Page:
Satisfy the Senses

I selected the last scene from the Gangs of New York for my look, listen and analyze assignment. This is a movie that I remember watching when it first came out….although I couldn’t believe that it had been filmed 12 years ago! How time flies! In watching the scene, I noticed different things when I isolated my senses.

The movie is set in 1863, Amsterdam Vallon returns to the Five Points area of New York City seeking revenge against Bill the Butcher, his father’s killer. The section of the film that I analyzes was the closing sequence.

Visual: The scene opens with dead bodies lining the street with candles glowing on their chests. It starts closer up and then gradually pans backward and you see the glowing light as far as the eye can see. It is then you understand the magnitude and death toll the gang fights took. Besides the dead gang members, somber solders are predominately seen in the first few screens and help to give the imagery of a grave situation. Without sound, you aren’t sure exactly what is going on. The clip then moves to see hands holding a trinket and then burying. The shot pans up to show what one assumes to be a Potter’s Field cemetary in Brooklyn. The 1863 New York City skyline is in the background with large clouds of dark smoke indicating several large fires/bombs must have recently happened. Vallon limps over to a female figure and the two turn and start walking towards the down left part of the screen. Their images fade from the screen and show new images of the NYC skyline free from smoke and with new buildings. The cemetary becomes in more and more disrepair. Even without sound, you can visually see that history is forgotten by the present.  Overall, the film has a brown-tint to give it the look and feel of an old movie.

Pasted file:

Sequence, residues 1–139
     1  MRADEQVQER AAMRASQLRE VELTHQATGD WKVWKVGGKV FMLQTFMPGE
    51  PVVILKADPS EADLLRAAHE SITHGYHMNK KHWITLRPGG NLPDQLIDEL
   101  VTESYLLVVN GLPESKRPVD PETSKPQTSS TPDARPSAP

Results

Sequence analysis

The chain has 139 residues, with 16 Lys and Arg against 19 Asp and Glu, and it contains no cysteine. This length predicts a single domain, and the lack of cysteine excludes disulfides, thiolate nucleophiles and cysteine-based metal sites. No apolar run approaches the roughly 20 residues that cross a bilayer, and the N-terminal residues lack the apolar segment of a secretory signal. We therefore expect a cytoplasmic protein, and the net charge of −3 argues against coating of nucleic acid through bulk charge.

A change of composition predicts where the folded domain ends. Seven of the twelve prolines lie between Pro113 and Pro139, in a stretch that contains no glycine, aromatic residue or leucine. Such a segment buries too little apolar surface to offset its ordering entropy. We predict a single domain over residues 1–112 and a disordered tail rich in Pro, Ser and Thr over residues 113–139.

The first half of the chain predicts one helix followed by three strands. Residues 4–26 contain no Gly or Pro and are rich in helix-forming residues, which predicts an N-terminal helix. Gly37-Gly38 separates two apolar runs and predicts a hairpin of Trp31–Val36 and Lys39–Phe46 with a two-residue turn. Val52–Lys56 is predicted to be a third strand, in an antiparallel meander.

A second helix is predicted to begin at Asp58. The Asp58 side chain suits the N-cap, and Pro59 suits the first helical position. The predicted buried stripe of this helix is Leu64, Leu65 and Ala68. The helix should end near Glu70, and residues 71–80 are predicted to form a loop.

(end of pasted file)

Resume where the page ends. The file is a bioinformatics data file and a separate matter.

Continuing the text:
Audio: When just listening to the audio, you realize that it is only Amsterdam Vallon speaking. His voice is slow, tired and with an Irish accent. He starts by recalling the gang fights. He then ties the recent trials and tribulations to something his father had told him. “My father told me we was all born of blood and tribulation, and so then too was our great city.” Vallon, knowing that this is a pivotal point in the history of the city, then takes on a reflective tone in says, ” But for those of us what lived and died in them furious days, it was like everything we knew was mightily swept away. And no matter what they did to build this city up again… for the rest of time… it would be like no one ever knew we was even here.” He makes these comments as haunting/powerful music plays in the background.

Tying it Together: When you tie the visual with the audio, it becomes a powerful ending to an epic movie. As Vallon says the final spoken word of the film, “For the rest of time will be like no one would even know we were ever here…” his image fades from the screen to give way to progress and the new cityscape.

My biggest take away from the film is that a good scene combines great imagery with audio for a captivating moment of the film.

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Lights! Camera! Action!